Is having a big payroll a waste of money in the MLB? I guess it all depends on how you manage that salary expenditure. The New York Yankees, constantly the highest paying team in Baseball, are pretty much a constant fixture in the postseason. The success of the Oakland Athletics and the Washington Nationals is a little bit more surprising.
The A’s, with a total payroll of $55.3 million in 2012 and an average salary of $1.8 million per player, won the AL West title for the first time in six years, edging out the Texas Rangers for the division title by one game, beating them on the last day of the season. The Rangers, who lost the last two World Series, made the wild card, have the sixth highest payroll in the majors with $120.5 million in total, $4.6 million on average.
The biggest surprise of the season is undoubtly the Washington Nationals, who finally saw the fruits of their fantastic farm system pay off this year, finishing with the best record in the majors (98-64), clinching the franchise’s second division title and their first since 1981, when they were still the Montreal Expos. The Nationals are in the middle of the pack when it comes to salaries with a total payroll of $81.3 million, 20th in baseball, and an average salary of $2.6 million per player.
The nurture vs pay for the most expensive talent debate is obviously going in favor of the less wasteful teams when you look at the top 4 highest paying teams in Baseball. Out of the New York Yankess (1st, $197.9 million), Philadelphia Phillies (2nd, $174.5 million), Boston Red Sox (3rd, $173.1 million) and the Los Angeles Angels ($154.4 million), only the Yankees made the postseason, winning the AL East.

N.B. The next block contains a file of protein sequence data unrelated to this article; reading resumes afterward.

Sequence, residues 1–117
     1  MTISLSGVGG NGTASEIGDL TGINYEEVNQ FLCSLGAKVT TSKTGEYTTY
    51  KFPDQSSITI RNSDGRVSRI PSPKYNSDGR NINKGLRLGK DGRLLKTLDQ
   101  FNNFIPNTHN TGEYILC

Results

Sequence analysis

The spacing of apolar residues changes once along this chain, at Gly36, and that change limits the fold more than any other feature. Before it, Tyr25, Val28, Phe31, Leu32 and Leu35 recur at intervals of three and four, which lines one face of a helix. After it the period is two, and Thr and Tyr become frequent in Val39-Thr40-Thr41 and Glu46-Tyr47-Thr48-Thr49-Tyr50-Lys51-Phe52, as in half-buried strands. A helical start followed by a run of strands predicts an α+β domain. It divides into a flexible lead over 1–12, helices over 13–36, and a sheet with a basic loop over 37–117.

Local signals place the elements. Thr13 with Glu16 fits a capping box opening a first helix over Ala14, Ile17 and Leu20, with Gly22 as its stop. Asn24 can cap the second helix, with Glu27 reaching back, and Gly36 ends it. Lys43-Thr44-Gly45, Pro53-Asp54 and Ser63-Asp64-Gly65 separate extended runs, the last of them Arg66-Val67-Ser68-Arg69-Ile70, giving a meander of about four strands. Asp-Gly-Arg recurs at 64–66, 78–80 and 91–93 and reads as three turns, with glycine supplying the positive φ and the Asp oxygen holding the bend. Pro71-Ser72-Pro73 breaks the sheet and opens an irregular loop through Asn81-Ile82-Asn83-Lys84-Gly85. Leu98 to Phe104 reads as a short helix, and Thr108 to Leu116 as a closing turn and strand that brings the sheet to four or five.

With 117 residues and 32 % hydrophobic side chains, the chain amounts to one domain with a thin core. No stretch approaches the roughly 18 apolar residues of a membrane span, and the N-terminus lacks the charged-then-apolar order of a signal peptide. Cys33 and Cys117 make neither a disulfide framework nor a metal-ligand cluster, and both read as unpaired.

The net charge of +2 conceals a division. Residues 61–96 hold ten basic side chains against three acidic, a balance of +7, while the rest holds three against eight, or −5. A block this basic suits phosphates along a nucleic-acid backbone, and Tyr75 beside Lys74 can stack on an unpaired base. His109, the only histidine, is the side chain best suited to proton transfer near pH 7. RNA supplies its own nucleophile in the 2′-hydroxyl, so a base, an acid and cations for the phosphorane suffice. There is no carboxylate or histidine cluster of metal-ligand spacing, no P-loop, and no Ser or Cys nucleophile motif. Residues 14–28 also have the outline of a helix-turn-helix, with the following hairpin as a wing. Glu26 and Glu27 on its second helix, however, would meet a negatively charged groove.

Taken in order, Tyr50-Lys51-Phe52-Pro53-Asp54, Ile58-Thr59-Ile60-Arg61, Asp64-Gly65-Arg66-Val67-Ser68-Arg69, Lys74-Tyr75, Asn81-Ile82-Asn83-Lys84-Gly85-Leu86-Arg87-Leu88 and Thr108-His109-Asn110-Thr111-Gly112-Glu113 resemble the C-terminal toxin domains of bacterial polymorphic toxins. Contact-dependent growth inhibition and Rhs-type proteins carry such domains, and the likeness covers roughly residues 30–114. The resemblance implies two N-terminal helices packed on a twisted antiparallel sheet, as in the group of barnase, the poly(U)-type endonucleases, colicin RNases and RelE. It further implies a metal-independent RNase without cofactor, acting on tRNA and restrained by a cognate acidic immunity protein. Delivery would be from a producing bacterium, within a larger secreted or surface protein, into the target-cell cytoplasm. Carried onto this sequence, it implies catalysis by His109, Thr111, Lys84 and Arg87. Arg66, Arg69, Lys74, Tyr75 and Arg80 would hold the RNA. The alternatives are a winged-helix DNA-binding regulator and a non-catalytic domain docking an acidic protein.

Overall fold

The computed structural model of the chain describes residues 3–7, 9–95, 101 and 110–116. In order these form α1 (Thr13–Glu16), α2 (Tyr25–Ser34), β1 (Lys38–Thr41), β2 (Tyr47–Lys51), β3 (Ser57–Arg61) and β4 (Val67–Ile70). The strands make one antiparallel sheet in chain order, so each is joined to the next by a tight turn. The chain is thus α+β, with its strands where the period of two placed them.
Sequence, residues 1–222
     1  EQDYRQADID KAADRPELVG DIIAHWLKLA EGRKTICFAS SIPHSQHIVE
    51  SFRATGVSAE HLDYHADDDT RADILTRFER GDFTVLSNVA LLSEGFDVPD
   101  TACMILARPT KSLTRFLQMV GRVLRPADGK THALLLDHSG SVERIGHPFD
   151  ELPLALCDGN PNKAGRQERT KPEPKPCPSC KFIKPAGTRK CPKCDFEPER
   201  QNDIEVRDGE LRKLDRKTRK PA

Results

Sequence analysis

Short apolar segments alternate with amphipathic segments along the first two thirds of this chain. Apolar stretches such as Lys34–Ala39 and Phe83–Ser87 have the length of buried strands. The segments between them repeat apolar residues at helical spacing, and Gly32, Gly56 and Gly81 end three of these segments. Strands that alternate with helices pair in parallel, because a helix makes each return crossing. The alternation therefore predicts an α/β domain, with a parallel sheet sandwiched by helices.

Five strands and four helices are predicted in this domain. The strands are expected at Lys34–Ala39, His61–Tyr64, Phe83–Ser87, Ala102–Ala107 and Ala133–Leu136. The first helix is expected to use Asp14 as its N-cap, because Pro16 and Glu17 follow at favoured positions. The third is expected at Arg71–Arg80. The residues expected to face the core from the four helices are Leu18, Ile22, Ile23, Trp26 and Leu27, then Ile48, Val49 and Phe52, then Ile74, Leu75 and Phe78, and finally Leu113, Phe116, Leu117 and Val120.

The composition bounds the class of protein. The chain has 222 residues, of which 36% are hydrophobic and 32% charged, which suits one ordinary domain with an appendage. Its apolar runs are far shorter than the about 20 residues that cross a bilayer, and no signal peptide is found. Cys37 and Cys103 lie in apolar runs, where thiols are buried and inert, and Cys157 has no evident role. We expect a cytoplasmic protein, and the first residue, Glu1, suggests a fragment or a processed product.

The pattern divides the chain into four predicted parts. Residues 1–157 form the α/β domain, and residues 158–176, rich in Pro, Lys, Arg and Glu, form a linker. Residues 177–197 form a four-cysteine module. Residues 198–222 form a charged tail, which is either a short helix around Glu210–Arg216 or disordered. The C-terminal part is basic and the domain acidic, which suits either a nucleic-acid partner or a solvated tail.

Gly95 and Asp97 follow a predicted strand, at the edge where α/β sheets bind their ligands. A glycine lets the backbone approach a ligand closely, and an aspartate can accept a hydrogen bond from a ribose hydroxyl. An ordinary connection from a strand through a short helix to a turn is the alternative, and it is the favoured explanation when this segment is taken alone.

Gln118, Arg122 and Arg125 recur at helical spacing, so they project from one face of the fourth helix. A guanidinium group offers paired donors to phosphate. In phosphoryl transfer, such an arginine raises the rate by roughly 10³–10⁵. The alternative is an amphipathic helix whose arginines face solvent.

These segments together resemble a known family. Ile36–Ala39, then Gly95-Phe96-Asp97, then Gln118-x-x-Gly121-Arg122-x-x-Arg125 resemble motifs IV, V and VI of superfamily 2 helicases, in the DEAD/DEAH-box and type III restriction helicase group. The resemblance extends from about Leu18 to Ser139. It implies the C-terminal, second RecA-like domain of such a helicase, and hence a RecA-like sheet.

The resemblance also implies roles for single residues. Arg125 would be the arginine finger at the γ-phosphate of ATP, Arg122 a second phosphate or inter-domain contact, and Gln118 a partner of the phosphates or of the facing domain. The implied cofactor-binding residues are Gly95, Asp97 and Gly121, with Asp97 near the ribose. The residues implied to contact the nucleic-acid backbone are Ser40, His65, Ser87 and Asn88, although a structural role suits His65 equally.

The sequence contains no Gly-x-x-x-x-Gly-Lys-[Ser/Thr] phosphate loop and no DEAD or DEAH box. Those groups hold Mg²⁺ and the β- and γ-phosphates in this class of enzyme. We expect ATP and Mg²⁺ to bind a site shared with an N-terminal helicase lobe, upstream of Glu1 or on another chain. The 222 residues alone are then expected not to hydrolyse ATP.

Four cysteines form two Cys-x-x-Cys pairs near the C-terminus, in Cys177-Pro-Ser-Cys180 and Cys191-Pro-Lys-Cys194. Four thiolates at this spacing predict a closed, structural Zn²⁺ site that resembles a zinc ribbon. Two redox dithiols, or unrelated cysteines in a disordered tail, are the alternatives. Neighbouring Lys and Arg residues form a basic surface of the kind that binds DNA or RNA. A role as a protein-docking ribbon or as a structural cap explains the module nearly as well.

The Red Sox finished last in the division with a 69-93 record, basically giving up on the season at a certain point. For them, it’s an organizational crisis, missing the playoffs for a third consecutive year, finishing below .500 for the first time since 1997 and experiencing their worst season since 1965.
The Philadelphia Phillies have made the playoffs each season since 2011 until this year. They finished 81-81, third in the NL East, their worst record since 2002. The Los Angeles Angels picked up the pace in the second half of the season, but way way too late, missing the postseason for a third straight year but also finishing with their best record since their last playoff appearance in 2009.
When you go a bit lower down the list – The Tigers, the Rangers, the Cardinals and the Giants all made the postseason, with only disappointing Marlins missing out on the playoffs from the next group of teams paying over $100 million.
Bottom line? Money’s great, but actual talent is better. Overpaying talent doesn’t make it into an All-Star caliber player all of a sudden, and wasting most of your investment only two-three guys instead of spreading the wealth isn’t the right way to go either. Hey, even the Yankees cut back on expenses this season, so maybe we are heading in the right direction.